Histological sections stained with H&E for calvaria defect treated with control, ACP/PCL/COL, and rhCEMP1/ACP/PCL/COL scaffolds at 4 and 8 weeks after the implantation of the scaffolds are shown in Figure 8. At 4 weeks, margins of the defect were connected by a thin connective fibrous tissue in the control, but no evidence of bone formation was observed (Figure 8A). For the defect treated with ACP/PCL/COL scaffold, it was almost filled with a layer of bonelike tissue (Figure 8B). Island-like new bone was distributed discretely in rhCEMP1/ACP/PCL/COL (Figure 8C). Further analysis at higher magnification using sections stained with H&E staining and Masson’s trichrome staining exhibited abundant vascularization in ACP/PCL/COL (Figure 8H). A layer of regular cementum-like cells stained in purple was seen surrounding the rhCEMP1/ACP/PCL/COL. Adjacent to the targeted light purple cementum-like cells was a layer of ligament tissue. The outermost space was occupied by new bone (Figure 8I). The purple, light blue, and dark blue stained tissues constituted a sandwich structure resembling the periodontal complex. In Masson’s trichrome staining, the sandwich structure was distinctly recognized, as the cementum-like layer was pink and purple, whereas the ligament layer and bone layer were light blue and dark blue, respectively (Figure 8O). At 8 weeks, similar tissue accumulated, except for new bone formation in the control (Figure 8D). Nonetheless, deficient vascularization hindered the extension of new bone (Figure 8J). Large amounts of bony nodules, both in number and size, were observed in ACP/PCL/COL, which led to the formation of the strips of bony tissue. These bony tissue islands were surrounded by dense connective tissue (Figure 8E, K, and Q). The layer of purple cementum-like tissue increased to more than 5-fold of the amount at 4 weeks. The bony island extended to 40%, leading to closure of the defect (Figure 8F). Masson’s trichrome staining (Figure 8M–R) was similar to H&E (Figure 8G–L) staining, in which bonelike tissue, vessel, ligament-like tissue, cementum-like tissue were dark blue, red, light blue, and blue-purple, respectively.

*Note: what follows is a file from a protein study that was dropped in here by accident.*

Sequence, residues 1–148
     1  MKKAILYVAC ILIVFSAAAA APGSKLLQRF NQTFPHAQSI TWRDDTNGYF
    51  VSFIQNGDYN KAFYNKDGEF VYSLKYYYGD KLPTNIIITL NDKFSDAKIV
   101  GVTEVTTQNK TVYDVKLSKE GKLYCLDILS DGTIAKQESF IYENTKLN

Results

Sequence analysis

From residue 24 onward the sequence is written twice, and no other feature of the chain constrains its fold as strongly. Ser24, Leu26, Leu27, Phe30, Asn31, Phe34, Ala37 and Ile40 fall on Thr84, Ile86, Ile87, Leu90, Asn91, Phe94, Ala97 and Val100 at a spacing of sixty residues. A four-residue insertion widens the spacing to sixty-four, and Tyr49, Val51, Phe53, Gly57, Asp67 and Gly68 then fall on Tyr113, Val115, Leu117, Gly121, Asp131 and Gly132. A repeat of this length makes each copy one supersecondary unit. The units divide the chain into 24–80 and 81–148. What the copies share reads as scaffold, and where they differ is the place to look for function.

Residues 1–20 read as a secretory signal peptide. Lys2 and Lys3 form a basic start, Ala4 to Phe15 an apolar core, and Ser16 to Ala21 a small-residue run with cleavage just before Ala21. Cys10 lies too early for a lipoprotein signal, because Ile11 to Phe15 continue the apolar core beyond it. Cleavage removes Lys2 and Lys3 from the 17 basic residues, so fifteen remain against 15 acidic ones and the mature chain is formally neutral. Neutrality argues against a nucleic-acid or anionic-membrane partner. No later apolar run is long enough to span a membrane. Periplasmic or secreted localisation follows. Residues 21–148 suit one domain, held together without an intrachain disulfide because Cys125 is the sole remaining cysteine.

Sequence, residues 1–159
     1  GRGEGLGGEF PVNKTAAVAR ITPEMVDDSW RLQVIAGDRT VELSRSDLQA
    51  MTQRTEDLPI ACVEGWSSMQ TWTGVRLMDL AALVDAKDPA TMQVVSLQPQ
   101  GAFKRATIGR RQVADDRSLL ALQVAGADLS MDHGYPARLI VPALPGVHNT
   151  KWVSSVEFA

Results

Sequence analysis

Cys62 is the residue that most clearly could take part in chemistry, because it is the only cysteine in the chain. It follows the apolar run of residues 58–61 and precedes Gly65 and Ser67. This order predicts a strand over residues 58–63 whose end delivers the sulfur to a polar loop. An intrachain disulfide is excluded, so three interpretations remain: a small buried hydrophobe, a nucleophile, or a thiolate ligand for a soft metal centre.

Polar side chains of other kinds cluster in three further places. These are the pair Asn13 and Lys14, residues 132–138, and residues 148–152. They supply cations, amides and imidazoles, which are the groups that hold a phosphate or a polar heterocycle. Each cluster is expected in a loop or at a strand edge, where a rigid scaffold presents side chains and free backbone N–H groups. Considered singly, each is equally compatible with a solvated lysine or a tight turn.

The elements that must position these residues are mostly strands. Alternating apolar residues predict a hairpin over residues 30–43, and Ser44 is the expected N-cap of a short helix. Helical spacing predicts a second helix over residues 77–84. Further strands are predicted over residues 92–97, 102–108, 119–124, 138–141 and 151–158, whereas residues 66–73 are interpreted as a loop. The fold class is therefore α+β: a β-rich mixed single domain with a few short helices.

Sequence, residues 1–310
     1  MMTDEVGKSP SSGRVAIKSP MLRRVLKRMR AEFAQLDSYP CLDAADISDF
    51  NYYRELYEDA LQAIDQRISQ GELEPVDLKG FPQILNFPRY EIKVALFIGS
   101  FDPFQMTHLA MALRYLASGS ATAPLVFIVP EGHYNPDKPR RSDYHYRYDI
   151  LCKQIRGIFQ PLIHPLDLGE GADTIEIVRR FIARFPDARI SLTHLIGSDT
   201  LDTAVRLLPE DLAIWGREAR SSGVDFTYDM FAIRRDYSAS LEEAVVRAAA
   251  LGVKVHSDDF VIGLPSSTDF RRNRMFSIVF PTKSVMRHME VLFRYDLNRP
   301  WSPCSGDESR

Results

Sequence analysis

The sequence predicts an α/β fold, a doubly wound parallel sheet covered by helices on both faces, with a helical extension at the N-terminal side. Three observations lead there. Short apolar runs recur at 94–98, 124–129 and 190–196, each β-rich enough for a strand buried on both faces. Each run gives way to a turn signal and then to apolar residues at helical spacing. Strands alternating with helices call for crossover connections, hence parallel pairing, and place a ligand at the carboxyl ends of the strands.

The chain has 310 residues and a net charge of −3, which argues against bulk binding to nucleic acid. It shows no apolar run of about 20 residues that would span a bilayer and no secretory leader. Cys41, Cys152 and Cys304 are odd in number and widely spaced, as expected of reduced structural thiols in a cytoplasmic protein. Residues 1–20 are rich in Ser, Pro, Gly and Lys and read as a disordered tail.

Considering the increasing aging population worldwide, there is a major need for the regeneration of periodontal tissue for maintaining normal tooth function. The ability to regenerate cementum tissue is crucial to this clinical challenge. We have designed and fabricated a novel multiphase scaffold with rhCEMP1, which can be released in a controlled manner. It was demonstrated that the rhCEMP1/ACP/PCL/COL scaffold has the potential of generating cementum-like tissue in vitro and in vivo. This may be a novel method to use a cementum-specific inductive scaffold for cementum regeneration, for which data has so far not been published.
In this study, it was observed that the rhCEMP1/ACP/PCL/COL scaffold enhanced the cementogenic differentiation of seeded PDLCs in vitro by upregulating the expression of typical cementoblastic gene markers CAP and CEMP1 while controlling the expression of osteoblastic gene markers OCN and OPN. Consequently, rhCEMP1/ACP/PCL/COL scaffold induced cementum-like tissue formation and hindered bone formation in vivo orthotopically compared to ACP/PCL/COL scaffold. These results demonstrate that the rhCEMP1 is a key bioactive compound in cementum formation both in vitro and in vivo.